Increasing the moisture level of the air in your home helps to reduce the strength of the bond between electrons and the surfaces on which they build. The result is an almost unnoticeable discharge meaning no shocks and less static electricity.

Benefit #3: rehydrate dry or flaky winter skin. 

Dry, cold air causes an acceleration of water loss from the skin into the atmosphere. When your skin loses water more rapidly than it can be replaced by natural moisturizers (sweat and sebum), you will experience dry skin. When you experience dry skin for an extended period of time, this can lead to cracking, bleeding, or trigger a flareup of common skin conditions like psoriasis or eczema. 

Humidifiers are exceptionally effective for dry, flaky skin during the winter months and can help you to maintain healthy, hydrated skin all year long. 

Benefit #4: kill common viruses prominent in the winter months.

Air with less than 40% RH can increase your chances of viral infection by interfering with the body’s immune function, increasing the amount of time a virus can “float” in the air, and increasing the survival rate of the virus in your home.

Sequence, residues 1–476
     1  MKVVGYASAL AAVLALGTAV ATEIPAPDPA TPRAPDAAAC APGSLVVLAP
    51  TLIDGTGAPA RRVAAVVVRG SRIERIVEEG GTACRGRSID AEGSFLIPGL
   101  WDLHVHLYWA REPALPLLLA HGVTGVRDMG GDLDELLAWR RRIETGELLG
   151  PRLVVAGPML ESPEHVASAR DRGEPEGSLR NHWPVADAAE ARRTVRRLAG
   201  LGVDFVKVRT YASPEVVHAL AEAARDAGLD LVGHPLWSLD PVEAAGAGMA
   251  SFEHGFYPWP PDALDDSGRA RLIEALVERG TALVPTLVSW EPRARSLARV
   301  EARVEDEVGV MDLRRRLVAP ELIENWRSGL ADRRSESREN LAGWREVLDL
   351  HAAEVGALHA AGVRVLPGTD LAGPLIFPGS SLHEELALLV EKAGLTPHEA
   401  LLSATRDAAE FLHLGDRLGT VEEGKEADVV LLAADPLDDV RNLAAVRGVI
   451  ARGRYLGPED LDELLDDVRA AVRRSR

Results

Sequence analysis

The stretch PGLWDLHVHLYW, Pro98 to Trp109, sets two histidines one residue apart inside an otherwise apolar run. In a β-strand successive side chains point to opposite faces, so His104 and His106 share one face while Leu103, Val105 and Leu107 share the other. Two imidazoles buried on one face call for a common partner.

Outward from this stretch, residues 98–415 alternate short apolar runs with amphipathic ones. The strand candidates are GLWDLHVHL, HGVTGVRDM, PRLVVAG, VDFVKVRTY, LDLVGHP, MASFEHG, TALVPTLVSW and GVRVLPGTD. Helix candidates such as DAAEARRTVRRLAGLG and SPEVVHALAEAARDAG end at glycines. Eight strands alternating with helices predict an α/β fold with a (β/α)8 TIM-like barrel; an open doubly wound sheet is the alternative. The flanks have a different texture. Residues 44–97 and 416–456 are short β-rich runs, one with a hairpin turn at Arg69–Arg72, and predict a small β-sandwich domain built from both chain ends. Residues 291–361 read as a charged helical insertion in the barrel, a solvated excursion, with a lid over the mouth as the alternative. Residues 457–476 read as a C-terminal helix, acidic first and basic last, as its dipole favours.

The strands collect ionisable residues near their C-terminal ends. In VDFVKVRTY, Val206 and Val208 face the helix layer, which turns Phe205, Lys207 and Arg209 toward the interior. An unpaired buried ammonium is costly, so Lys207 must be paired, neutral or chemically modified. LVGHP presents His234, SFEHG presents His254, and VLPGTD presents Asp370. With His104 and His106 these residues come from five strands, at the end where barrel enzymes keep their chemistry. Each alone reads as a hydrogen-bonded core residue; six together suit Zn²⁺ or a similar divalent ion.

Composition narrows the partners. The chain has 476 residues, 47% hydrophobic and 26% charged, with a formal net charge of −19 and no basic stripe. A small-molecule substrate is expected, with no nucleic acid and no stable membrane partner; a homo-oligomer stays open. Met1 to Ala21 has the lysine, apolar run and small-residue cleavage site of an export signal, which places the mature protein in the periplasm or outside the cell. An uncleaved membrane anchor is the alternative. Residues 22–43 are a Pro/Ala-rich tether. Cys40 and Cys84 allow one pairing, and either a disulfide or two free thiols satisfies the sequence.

Regular use of a humidifier to maintain optimal humidity levels can help to reduce the survival rate of viruses in your home and decrease the chances of illness during the winter months. 

Which is the Best Humidifier During Winter?

Choosing the best humidifier during winter months is crucial to keep you and your family comfortable despite the cold, dry weather. 

You should consider output, tank size, and maintenance requirements when choosing the best humidifier for your home. 

Sufficient Output 

One of the most important features when choosing a humidifier for your home during the winter months is output. A larger-sized room requires a humidifier with more output than a smaller-sized room.